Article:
NBA Playoffs: Why There’s No Scheming the Defending Champs
NBA

NBA Playoffs: Why There’s No Scheming the Defending Champs

In an article prior to the start of the postseason diagnosing potential pathways to slowing down Giannis Antetokounmpo, I prefaced my prescription by stating that for any measures against him to be effective, the proper personnel is necessary. 

That was apparent during the 3:42 mark of the third quarter in Game 2 of the Milwaukee Bucks’ series against the Chicago Bulls when Antetokounmpo went into full-on Terminator mode to close the gap from 16 to three in less than three minutes. 

Though Chicago ultimately survived this blitzkrieg attack, the sequence previewed what was to come for the rest of the series. The fiery Bulls had the right scheme in place for beating the Bucks, but when you’re going against the best (even without Khris Middleton), scheme isn’t enough.

You need the right personnel, too.

Defense

On defense, the Bulls’ formula has yielded some positive results. In Game 1, behind a defensive masterclass from Alex Caruso, they held the league’s third-best offense to 93 points (in the year 2022). In Game 2, a ramp up in aggression even led to the unit emerging victorious. 

Coach Billy Donovan’s principles in this series have centered around doubling Giannis (and his co-stars) to keep the ball out of his hands, calculate his team’s rotations, and avoid letting Milwaukee establish any rhythm in the half court. 

Chicago has also been sending two players to the ball on ball screens and has attempted to stonewall Giannis’ attacks by forging the infamous “wall” in the paint.

Unfortunately, the Bulls lack the requisite size to put this philosophy into practice the way a team like Boston or Miami would be able to. 

  • First Clip: Antetokounmpo counters the help from the middle by spinning baseline (he’s skilled enough to facilitate at that angle).
  • Second Clip: This iteration of the wall doesn’t feature enough length and The Freak elongates himself to slip through the cracks. 
  • Third Clip: No one equipped to bang with him down low (although, Vucevic has tried).
  • Fourth Clip: The Bulls can’t disrupt his kick-outs or cover enough ground to kill the 3-pointer.

That last clip is especially important to this discussion. The teams that do the best job of defending Antetokounmpo use their size and length to meddle with his dribbles and interfere with his ability to identify the available pass.

So far, he’s having no trouble examining the battlefield against Chicago as he’s averaging the third-most potential assists in these playoffs and by far the most he’s averaged in a postseason.

giannis playoff potential assists
(via NBA.com)

The size issue also rears its ugly head when it comes time to collect a rebound. The Bucks are beating the Bulls on both the offensive glass (18.7% ORB to 16.7%) and the defensive glass (83.3% DRB to 81.3%).

A large part of this disparity is a product of Coach Mike Budenholzer’s decision to turn to a three-big lineup (Bobby Portis-Antetokounmpo-Brook Lopez) after Middleton went down.

The Bulls theoretically could combat Milwaukee by going to their resident bruiser Tristan Thompson. But his shortcomings on the other end have completely tanked their offense during his 31 minutes on the court (minus-43.3 net rating).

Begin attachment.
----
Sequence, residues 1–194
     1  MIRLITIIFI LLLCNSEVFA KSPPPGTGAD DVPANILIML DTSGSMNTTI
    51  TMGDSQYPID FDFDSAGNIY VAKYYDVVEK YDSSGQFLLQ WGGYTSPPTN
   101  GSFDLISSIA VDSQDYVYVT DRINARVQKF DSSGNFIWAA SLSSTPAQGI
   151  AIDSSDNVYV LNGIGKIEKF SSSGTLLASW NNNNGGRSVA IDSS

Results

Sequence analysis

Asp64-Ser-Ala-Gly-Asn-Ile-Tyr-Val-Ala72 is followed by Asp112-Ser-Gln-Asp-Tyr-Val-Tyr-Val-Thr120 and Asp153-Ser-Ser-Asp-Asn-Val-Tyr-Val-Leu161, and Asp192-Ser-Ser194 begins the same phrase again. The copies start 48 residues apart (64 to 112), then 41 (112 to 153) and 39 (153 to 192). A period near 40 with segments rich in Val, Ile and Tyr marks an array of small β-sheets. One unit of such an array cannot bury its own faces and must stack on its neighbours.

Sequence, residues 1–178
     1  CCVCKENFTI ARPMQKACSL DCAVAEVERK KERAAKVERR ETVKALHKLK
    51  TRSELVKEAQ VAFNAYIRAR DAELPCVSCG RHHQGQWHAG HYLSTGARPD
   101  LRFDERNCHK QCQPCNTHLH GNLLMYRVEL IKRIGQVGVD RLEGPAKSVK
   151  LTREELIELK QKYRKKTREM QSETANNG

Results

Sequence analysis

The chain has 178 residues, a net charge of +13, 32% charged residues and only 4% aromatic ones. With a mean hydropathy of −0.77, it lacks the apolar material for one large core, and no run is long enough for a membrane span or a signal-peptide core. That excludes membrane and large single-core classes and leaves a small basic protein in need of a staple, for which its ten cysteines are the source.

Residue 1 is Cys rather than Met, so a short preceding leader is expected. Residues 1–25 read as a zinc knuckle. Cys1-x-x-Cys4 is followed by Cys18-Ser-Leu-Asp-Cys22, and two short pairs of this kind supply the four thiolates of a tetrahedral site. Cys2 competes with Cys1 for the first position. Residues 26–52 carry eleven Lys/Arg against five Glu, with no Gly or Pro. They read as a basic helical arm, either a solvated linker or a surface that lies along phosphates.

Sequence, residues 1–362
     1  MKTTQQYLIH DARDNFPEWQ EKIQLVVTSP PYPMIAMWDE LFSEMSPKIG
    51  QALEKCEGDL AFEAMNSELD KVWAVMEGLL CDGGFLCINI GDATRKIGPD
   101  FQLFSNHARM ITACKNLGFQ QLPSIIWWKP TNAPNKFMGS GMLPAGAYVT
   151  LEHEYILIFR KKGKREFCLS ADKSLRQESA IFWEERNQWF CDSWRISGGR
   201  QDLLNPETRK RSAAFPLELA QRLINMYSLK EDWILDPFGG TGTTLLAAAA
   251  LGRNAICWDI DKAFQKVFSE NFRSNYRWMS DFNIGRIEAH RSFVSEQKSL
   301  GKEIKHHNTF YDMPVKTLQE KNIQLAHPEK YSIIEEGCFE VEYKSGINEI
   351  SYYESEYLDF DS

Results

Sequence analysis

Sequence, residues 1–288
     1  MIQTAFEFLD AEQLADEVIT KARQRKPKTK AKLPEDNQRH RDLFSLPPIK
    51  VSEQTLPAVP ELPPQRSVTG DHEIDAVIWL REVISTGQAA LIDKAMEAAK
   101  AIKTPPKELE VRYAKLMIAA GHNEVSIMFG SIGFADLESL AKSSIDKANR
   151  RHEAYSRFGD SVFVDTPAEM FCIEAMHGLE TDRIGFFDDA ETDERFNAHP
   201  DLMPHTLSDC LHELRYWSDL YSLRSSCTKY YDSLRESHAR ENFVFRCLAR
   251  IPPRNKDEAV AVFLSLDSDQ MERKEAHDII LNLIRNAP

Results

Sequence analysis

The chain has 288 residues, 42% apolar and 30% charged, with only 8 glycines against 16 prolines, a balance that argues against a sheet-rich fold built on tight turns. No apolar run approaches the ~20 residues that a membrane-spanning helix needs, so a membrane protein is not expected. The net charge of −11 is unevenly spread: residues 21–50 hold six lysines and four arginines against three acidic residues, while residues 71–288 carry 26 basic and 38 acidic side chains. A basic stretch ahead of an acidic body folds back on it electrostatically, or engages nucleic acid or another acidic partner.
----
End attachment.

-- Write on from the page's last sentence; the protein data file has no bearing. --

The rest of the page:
Which brings us to the second part…  

Offense

The Bulls won Game 2 in large part because of the herculean combination of the dribble penetration and tough shot-making DeMar DeRozan displayed. 

The analytically inclined Bucks will gladly live with the latter, but the increase in paint touches in Game 2 was something that needed to be corrected.

Outside of Game 2, Milwaukee has done a great job mitigating DeRozan’s drives to the rim and his trips to the free-throw line.

A lion’s share of the credit here goes to Jrue Holiday and Wesley Matthews for their excellent screen navigation. The backcourt tandem spent most of Games 3 and 4 fighting over screens and forcing DeRozan and Zach LaVine towards the sideline and away from the middle of the floor (otherwise known as ICE-ing the ball screen).

This coverage keeps the ball handler from the paint and forces the screener to make the defense pay for leaving them unattended.

Nikola Vucevic has had some solid moments in this series, but he’s not a strong enough roller (25th percentile) or deadly enough marksman (31.4% from 3) to force the Bucks to waver in their approach. And as a result, the Bucks have turned the 13th-best offense in the league into the worst playoff offense since the 2015-16 Memphis Grizzlies (per NBA.com).

The supporting cast as a whole has struggled to make Milwaukee pay for its decision to hone in on the All-Star duo.

For instance, Grayson Allen has absolutely eviscerated Chicago on offense in the last two games. And in return, the Bulls have been unable to make him pay for his limitations as a man defender. Coby White (his primary matchup) has not only proven incapable of exploiting the Bucks’ defensive weak spot (3 for 12 against Allen), but he’s actually been getting picked on by the former Blue Devil (no, seriously, he literally took his lunch money!).

Overall, the Bulls can’t field a more capable defensive platoon without hemorrhaging value on offense. And they don’t have the shooting to punish Milwaukee for overloading on their superstars (25.9% on 3-pointers attempted by players other than LaVine). 

The Bulls have been a fun team and they put together a great scheme for dueling with the Bucks. But in the playoffs, a fun team with a great scheme will get sent home real fast if they don’t have the right personnel. 


Graphic design by Matt Sisneros.